Not long after we finally left our old friend Hwy 89 and changed to Hwy 36. This quiet road leads to the Lassen Volcanic region and also to our hotel for the night. Our GPS told us that we has 2 miles to reach our destination but about one mile we flashed past a building and Maree called out "That's it" so I think our GPS might be a little dyslexic. St Bernard Lodge turns our to be a nicely restored 7 bedroom B&B which had many different 'lives' before its present one. Our hosts Sharon and Jim keep the place in colonial style but in top condition. We took a walk through a nearby pine forest where there must have been a dozen or more varieties of conifer, unlike our ones with only piƱa radiate. It was quiet and peaceful in the woods with only the sounds of running water from a nearby brook, a few buzzing insects and the odd bird or two. I was astounded by the size of some of the giant pine cones littering the ground. Apparently they are called sugar pines and we saw some nearly 30 cm long and about 15 cm in diameter.

We have confirmed that the road through Lassen Volcanic region is closed at the information centre due to snow and is not expected to be opened until well into July so, with Sharon's advice, we will go around the National park along a scenic route to visit some lava tubes and Burney Falls before driving on to Mt Shasta.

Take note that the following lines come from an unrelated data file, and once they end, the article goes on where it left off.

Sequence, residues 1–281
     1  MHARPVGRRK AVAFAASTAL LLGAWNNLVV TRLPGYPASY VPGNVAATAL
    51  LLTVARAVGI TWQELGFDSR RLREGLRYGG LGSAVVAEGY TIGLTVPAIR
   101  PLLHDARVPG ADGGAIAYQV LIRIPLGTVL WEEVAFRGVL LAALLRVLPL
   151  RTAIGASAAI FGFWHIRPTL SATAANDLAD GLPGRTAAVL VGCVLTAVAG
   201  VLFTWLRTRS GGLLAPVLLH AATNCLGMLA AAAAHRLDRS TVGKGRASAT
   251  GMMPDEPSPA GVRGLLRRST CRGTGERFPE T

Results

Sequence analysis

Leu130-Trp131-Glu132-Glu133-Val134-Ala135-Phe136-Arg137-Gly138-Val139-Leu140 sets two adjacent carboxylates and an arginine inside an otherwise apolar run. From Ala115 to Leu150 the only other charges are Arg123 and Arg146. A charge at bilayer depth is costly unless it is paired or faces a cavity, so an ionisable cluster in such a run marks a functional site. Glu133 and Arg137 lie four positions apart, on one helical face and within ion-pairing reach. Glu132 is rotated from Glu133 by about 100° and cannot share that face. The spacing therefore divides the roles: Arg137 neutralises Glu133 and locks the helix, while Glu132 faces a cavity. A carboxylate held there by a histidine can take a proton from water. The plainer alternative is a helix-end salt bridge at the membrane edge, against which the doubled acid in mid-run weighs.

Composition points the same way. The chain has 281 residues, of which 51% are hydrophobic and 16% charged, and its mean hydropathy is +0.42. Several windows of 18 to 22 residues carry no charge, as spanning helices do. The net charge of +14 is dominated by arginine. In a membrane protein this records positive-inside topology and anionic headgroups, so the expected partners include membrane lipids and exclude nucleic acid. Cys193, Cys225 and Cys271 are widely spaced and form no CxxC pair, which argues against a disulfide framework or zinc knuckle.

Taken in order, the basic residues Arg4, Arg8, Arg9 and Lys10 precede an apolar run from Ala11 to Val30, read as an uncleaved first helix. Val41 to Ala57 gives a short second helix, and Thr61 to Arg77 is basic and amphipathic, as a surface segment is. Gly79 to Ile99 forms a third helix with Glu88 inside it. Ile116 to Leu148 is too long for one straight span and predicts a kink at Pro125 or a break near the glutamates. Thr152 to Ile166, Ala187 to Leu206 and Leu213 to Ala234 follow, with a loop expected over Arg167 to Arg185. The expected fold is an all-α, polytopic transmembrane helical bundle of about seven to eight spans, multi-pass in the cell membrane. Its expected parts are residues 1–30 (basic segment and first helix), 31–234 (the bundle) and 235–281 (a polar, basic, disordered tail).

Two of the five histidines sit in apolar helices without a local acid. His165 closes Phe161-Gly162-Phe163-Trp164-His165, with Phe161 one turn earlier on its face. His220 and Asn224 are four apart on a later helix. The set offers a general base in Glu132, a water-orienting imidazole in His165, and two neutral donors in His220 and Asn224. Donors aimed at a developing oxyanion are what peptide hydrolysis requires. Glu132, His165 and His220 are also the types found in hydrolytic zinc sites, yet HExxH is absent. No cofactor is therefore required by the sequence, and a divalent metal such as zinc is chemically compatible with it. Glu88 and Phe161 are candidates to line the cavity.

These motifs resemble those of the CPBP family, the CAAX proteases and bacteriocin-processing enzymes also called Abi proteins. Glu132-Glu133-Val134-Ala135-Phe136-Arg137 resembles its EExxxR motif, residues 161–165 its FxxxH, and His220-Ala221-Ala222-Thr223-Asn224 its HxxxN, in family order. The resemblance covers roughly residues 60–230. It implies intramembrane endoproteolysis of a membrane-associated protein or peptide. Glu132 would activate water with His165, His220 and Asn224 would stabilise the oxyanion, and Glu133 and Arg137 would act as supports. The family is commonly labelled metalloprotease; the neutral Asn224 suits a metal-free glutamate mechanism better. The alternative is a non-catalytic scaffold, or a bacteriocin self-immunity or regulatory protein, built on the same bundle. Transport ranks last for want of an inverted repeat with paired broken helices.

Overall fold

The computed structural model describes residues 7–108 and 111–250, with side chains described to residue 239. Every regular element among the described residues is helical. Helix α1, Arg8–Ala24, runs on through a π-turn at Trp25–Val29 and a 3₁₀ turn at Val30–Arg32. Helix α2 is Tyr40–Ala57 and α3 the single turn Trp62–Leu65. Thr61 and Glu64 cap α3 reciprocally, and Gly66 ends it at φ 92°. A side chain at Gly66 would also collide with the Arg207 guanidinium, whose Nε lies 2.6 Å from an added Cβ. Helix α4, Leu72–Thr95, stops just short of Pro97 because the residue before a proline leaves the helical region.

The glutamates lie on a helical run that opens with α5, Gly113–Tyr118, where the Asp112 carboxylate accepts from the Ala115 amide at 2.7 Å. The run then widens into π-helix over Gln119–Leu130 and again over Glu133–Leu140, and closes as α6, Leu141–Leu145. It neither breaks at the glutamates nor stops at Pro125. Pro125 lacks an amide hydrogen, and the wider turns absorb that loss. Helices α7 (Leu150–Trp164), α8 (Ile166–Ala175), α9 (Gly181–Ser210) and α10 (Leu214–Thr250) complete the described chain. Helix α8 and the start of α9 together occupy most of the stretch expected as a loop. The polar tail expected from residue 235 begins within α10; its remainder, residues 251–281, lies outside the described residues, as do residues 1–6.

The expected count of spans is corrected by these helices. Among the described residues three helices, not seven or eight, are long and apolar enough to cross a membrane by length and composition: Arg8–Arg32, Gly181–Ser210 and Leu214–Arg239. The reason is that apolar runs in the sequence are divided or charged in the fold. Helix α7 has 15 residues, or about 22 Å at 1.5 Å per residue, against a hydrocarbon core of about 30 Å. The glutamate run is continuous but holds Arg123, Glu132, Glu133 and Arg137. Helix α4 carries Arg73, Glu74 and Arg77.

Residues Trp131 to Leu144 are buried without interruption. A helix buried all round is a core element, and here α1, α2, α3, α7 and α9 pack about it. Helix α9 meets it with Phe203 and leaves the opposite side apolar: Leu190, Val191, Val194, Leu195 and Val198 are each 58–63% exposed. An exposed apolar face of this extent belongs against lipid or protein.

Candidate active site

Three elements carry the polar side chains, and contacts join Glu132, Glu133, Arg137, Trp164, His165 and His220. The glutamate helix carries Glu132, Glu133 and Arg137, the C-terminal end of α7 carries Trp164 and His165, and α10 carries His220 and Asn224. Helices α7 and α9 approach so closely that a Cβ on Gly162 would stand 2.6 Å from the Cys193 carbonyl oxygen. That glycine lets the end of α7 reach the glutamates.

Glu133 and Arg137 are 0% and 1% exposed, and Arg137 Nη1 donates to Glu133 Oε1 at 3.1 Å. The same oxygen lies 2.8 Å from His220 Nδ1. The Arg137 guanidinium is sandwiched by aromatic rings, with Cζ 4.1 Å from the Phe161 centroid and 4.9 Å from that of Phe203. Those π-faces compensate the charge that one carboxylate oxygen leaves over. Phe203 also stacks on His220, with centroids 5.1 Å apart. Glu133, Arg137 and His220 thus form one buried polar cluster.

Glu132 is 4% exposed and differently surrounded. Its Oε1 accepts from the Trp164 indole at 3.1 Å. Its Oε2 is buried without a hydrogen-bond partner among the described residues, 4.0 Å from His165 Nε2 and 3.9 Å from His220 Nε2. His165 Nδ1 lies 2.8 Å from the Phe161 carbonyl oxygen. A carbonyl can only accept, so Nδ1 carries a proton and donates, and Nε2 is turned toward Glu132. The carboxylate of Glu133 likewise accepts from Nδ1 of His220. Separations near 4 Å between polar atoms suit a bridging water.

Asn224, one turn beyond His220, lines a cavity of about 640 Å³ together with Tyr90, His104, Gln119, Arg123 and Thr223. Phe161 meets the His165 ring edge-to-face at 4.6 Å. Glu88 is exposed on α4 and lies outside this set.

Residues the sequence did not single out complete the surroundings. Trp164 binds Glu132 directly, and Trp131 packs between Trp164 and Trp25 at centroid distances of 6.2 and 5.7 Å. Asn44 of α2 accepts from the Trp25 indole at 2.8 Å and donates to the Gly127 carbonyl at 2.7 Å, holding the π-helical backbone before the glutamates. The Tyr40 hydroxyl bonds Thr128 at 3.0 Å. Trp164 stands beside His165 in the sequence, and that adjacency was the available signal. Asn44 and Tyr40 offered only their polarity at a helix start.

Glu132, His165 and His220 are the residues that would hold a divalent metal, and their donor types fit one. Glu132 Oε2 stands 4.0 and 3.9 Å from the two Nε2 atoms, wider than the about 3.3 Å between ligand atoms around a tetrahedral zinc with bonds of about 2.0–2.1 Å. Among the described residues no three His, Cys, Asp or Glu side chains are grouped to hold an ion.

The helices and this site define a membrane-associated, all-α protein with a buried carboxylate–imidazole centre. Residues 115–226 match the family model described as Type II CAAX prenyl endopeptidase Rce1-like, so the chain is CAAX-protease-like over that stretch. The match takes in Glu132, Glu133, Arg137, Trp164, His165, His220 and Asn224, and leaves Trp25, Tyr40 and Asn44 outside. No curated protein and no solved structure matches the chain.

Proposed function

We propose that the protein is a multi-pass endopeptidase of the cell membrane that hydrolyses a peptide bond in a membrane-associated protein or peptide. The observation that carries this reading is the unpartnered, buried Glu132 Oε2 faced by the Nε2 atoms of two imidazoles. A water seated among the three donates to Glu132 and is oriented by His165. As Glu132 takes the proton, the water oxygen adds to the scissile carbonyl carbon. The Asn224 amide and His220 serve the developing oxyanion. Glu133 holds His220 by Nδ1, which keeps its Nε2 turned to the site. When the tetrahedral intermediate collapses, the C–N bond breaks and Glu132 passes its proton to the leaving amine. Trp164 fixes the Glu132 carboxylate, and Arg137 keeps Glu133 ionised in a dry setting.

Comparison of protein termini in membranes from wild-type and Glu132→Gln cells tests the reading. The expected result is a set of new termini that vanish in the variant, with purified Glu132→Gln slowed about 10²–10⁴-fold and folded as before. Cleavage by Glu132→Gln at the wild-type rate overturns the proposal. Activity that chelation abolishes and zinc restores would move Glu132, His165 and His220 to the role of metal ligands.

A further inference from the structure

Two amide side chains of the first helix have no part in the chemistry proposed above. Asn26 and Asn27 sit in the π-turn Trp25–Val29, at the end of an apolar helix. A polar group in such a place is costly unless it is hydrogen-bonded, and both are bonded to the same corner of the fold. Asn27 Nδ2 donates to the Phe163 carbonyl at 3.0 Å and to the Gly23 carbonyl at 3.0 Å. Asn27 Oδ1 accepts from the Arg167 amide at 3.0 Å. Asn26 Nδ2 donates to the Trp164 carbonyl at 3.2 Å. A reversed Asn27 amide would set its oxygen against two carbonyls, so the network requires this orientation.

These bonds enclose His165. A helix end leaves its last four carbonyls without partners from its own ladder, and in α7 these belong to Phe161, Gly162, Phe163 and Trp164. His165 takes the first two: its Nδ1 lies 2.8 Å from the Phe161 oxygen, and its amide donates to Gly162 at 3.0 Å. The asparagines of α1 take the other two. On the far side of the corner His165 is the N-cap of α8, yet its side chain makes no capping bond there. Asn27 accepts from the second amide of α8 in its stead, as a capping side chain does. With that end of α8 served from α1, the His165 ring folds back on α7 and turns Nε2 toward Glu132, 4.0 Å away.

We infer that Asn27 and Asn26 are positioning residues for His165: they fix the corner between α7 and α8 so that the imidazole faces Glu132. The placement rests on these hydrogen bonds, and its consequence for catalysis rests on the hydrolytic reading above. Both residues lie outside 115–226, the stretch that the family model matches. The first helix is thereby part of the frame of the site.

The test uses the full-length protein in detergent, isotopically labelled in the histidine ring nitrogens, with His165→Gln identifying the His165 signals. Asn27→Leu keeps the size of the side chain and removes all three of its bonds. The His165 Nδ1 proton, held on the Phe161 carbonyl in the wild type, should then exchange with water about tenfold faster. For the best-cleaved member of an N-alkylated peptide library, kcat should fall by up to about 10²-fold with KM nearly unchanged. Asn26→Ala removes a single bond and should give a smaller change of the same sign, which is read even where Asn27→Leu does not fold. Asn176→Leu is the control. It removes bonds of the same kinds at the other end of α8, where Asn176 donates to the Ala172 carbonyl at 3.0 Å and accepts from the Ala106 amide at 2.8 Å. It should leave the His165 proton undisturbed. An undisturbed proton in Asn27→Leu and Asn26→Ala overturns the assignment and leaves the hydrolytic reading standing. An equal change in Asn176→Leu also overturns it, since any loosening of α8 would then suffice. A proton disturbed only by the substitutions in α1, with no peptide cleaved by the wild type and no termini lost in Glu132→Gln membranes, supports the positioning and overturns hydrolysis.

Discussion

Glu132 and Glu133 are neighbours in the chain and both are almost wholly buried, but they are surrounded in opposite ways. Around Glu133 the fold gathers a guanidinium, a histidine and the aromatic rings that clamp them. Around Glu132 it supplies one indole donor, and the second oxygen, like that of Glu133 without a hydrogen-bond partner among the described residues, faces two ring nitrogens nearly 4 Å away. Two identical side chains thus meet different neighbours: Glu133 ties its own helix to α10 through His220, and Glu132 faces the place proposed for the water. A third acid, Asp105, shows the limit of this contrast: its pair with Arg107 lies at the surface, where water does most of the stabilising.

Heading for Mt Shasta

For a change most of today's roads were straight instead of winding. They were still undulating between 5000 feet and 4000 feet through many hectares of pine forests with quite a number of reservoirs on today's route. Maree had seen a museum at a town called Westwood so we drove to it but the only place that seemed open was a storefront chapel that was doing booming business. Of course we had forgotten that today was Sunday. The town was a classic American workers town with a single Main Street with ramshackle houses and some small shops as well as a railway line on one side. You would recognise it from many a movie I reckon.

Our next stop was Susanville where there was supposed to be another museum with Native American display. It took us quite some time to find the museum which was not well signposted and then, of course, it was closed. Strike two! Onward we drove, doing a big loop around the Lassen Volcanic Park. Every now and the a small furry critter would run across the road in front of us. Some we identified by their bushy tails as squirrels but the others were something else. Fortunately we missed them and there was little evidence of flat furry things on the road so the critters clearly manage to avoid getting run over.